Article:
You absolutely must address the workload issue, many of your employees are very stressed and feel like they can't do anything about it. Try to fix the issue with salaries: a new electrical engineer shouldn't have a starting salary that is higher than an engineer that has been with the company for years. Also, completely rethink project deadlines and project management within the company... many projects large and small have unrealistic time-lines and do not have enough resources (people) allocated to them.

    Doesn't Recommend
  2. 6 people found this helpful  

    Work life balance is primary concern of many employees

    • Comp & Benefits
    • Work/Life Balance
    • Senior Management
    • Career Opportunities
    Current Employee - Software Analyst/Developer in Juno Beach, FL
    Current Employee - Software Analyst/Developer in Juno Beach, FL

    I have been working at NextEra Energy, Inc.

    Pros

    Its a "decent" place to work. I've seen better and worse. People are friendly and do their best to make it a nice place to work. Many of the lower level bosses are great to work for. If you are in the right group you get to work with emerging technology and new things. The benefits are in line with other fortune 500 companies. If you are in the right job at the right level you get to travel to conferences and such. Peons are not afforded these opportunities. Pay is in line with other fortune 500 companies as well.

    Cons

    Work life balance is abysmal and only got worse during the economic downturn. Others have mentioned the "every other Friday program" - well, that got canceled. We were promised it would be revived by senior management. That was 1 1/2 years ago. Dress code is business casual; companies that seem to care more about their employees tend to adopt a less strict dress code. I've been to an Oracle interview and the VP was wearing a t-shirt and jeans along with everyone else. Too bad I don't want to live in California! I absolutely agree with the lack of long term planning and the "everything needs to be done right now" emergency mentality. This is what drives most of the work life balance issues. Impossible goals are set and expected to be followed - at your expense. The rush creates sloppiness which then leads to more problems tomorrow when upgrades are expected. Also, you never transfer anything to support. You create it and its your baby until you quit. So, the more productive you are, the more work you wind up with. This is not a sustainable method; I've seen product support follow a person even to other unrelated job roles when they took other roles in the company. Vacation = work from laptop. Sick = work from home. Nights = work from home. There are no good perks to working here either. Some companies provide tea/soda/snacks/coffee etc. Here you can expect water and coffee. In addition, you might be at a "satellite" office in the middle of no where. Fridge space for your lunch is at a premium in these offices (and first come first serve); I've been at 3 of them. No company vehicle (unless senior management). Here you can expect the gray wall no windows cube farm mentality in most of the offices. Career paths are non-existent for the most part unless you consider a career path "applying for another job title, getting an offer, taking that job at another location, and moving there at your own expense" a career path.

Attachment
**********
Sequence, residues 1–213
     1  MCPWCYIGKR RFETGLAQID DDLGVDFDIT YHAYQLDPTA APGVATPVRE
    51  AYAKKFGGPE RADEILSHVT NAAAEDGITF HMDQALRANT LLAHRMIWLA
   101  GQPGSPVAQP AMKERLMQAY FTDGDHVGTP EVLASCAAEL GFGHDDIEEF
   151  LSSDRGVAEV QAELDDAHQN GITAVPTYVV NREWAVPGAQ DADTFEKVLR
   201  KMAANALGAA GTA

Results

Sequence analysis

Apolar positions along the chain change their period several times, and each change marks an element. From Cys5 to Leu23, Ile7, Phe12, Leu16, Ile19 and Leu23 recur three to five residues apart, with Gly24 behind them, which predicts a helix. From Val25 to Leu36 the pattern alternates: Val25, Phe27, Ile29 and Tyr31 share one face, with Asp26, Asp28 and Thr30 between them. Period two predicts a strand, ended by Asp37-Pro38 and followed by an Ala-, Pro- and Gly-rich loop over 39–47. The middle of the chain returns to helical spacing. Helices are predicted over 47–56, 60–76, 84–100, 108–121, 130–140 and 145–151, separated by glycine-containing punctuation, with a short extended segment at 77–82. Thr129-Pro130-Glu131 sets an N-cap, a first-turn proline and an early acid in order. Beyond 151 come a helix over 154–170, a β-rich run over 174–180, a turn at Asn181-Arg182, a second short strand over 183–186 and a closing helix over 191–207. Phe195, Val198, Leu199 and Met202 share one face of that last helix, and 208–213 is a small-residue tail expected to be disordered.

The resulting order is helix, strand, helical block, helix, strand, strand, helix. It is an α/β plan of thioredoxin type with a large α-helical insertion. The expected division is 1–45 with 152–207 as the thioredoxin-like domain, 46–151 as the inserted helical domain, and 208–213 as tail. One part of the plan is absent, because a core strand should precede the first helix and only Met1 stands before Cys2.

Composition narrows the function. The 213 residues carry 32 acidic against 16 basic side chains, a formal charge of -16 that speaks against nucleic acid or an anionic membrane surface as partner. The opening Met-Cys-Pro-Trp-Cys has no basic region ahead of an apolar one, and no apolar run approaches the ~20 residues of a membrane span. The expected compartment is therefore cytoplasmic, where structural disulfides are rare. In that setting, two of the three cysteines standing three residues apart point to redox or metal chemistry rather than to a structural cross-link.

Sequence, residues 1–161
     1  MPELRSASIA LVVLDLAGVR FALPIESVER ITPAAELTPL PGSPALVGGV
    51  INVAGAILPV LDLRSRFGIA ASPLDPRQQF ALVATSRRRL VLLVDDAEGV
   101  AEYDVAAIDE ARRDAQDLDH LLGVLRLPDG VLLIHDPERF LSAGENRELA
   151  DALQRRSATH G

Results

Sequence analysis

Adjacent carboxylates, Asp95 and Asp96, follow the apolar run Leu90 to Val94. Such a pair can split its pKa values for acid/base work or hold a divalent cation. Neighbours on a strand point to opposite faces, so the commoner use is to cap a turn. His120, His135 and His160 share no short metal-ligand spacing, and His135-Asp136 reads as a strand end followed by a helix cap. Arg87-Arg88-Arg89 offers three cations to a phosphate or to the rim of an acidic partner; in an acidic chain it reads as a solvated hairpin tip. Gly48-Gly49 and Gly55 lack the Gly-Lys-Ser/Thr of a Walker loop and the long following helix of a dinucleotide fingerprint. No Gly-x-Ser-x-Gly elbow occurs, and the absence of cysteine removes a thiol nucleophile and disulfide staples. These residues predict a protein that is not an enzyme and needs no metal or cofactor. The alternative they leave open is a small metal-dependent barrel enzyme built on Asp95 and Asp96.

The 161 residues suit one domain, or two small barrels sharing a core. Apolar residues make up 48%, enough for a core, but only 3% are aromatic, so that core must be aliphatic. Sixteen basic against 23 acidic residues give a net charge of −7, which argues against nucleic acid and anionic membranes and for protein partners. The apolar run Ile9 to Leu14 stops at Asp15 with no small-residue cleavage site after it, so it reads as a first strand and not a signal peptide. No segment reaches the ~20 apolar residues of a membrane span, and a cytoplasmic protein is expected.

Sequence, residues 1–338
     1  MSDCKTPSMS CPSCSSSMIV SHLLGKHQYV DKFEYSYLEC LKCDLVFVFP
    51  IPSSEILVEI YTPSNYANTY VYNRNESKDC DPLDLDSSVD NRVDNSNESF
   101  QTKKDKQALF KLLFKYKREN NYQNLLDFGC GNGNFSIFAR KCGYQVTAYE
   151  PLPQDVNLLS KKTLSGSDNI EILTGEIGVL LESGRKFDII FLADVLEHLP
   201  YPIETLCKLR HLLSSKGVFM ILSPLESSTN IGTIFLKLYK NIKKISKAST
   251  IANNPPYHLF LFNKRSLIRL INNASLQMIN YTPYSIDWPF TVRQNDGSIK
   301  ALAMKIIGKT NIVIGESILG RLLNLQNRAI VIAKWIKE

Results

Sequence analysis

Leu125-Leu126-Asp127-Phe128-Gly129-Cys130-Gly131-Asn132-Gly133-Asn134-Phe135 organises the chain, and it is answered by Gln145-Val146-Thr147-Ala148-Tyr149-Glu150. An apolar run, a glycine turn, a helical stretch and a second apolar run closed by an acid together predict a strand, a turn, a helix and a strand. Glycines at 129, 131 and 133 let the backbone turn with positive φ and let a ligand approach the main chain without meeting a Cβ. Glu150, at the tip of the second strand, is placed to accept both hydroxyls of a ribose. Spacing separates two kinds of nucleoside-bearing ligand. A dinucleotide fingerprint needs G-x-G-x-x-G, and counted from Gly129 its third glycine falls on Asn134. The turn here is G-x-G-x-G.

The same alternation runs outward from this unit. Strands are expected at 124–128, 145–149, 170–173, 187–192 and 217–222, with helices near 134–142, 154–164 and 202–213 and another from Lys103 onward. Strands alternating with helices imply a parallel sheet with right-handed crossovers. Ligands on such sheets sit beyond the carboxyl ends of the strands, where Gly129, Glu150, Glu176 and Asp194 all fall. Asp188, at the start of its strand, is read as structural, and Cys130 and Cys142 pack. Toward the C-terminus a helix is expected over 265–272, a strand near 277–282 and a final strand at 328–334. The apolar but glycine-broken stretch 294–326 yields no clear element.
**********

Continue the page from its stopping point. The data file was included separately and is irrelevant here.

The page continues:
Advice to ManagementAdvice

    First thing that needs to be addressed is work life balance (for real - not just presentations and talk but real action all the way to the lowest levels). Just because an employee is salaried doesn't mean said employee should be working 60+ hours/week month in and month out. Honestly, I wouldn't focus on pay; that is the one thing that seems halfway decent. The next thing I would address are working conditions. This is not the 60's, 70's, 80's or even 90's anymore. Our work spaces should reflect that. At many companies, weekend casual is ok for work and even for meeting vendors and performing interviews. Dress up is only required for meeting clients. This makes employees happy. Happy employees are productive employees. A word of warning...if things are still this bad when the economy begins to pick back up - be prepared for an exodus. Many retirement aged workers are already retiring and replacing them in some cases has been difficult. Imagine all of them retiring as the economy improves and then many others departing for other jobs at the same time. Its not a pretty picture. I really don't think it would take much to implement these changes. They are not impossible tasks.

    Doesn't Recommend
    Disapproves of CEO
There are newer employer reviews for NextEra Energy, Inc.